US & Canada

Michael Grimm: NY Congressman resigns after guilty plea

US Representative Michael Grimm of New York reacts during a news conference after his guilty plea at the Brooklyn federal court in New York 23 December 2014 Image copyright Reuters
Image caption Michael Grimm said the decision had been made with a "heavy heart"

Representative Michael Grimm has said he will resign from Congress, after pleading guilty to a tax fraud charge.

In a statement, Grimm said he could not "be 100% effective in the next Congress" and will quit next week. He is scheduled to be sentenced in June.

The New York Republican had won re-election in November despite being charged for underreporting $1m (£644,000) in wages and receipts

He pleaded guilty last week, saying he would fight to keep his seat.

"As long as I'm able to serve, I'm going to serve," Grimm had told reporters.

But a change of heart came and Grimm spoke to House Speaker John Boehner before making his latest statement.

Mr Boehner has not publicly called for his resignation, but has said his party would not tolerate wrongdoing.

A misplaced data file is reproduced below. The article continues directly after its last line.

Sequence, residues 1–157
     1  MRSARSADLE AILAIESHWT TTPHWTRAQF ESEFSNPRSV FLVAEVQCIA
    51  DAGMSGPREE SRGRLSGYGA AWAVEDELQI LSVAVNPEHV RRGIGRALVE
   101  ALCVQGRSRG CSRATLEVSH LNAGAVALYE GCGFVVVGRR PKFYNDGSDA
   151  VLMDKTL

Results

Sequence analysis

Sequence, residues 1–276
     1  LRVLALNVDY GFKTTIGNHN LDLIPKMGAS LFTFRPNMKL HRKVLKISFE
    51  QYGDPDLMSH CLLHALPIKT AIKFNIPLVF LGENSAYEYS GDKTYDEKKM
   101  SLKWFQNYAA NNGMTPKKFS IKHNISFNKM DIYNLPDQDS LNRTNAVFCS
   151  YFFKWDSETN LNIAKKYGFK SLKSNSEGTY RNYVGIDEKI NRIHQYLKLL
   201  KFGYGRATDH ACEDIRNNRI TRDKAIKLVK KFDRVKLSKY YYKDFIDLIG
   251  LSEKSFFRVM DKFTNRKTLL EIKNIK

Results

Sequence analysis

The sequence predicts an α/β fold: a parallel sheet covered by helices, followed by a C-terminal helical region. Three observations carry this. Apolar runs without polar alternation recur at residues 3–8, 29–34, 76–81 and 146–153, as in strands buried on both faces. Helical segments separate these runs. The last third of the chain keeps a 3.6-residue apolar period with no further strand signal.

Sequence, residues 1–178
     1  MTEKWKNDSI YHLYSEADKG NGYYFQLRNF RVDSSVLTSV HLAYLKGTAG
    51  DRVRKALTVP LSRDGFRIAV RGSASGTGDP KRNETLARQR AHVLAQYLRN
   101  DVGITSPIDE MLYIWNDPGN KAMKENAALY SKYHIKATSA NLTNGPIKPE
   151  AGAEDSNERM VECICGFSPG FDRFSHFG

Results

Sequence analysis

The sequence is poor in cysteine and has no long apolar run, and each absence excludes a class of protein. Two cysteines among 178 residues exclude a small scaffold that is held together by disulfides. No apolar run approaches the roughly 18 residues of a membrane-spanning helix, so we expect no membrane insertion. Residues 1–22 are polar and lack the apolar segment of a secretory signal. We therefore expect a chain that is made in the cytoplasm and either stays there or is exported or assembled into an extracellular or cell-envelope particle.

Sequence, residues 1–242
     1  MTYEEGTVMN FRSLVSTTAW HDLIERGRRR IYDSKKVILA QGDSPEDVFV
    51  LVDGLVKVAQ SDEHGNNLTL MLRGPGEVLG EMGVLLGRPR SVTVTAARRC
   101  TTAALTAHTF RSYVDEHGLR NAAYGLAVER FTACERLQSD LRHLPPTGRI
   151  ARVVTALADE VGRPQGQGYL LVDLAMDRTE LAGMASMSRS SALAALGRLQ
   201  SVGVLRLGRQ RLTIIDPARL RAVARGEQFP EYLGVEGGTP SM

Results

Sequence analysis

Image copyright Reuters
Image caption Grimm was re-elected to Congress in November, despite facing tax fraud charges

"The congressman fully embraces and accepts his responsibility for his actions," said lawyer Stuart Kaplan, adding Mr Grimm "shows great humility" in resigning.

Grimm said he had made the decision with a "heavy heart, as I have enjoyed a very special relationship and closeness with my constituents, whom I care about deeply".

Prosecutors have said they want Grimm to be sentenced to 24-30 months in prison, while defence lawyers said 12 to 18 months would be appropriate.

A former marine and FBI agent, Grimm was first elected to Congress in 2010. The tax fraud charges came shortly after he threatened to throw a reporter off a balcony in the US Capitol building. He later apologised.

Prosecutors said Grimm deliberately underreported wages and receipts to avoid payroll and sales taxes at Healthalicious, a health food cafe he invested in after retiring from the FBI.

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Media captionMichael Grimm threatens reporter Michael Scotto

Grimm was also accused of lying under oath about his business practices. He pleaded guilty to one count of aiding in the filing of a false tax return.

He will resign on 5 January, a day before the new Congress is seated - with Republican majorities in both chambers.

A special election will be held for his seat, which covers the New York City borough of Staten Island and part of Brooklyn.

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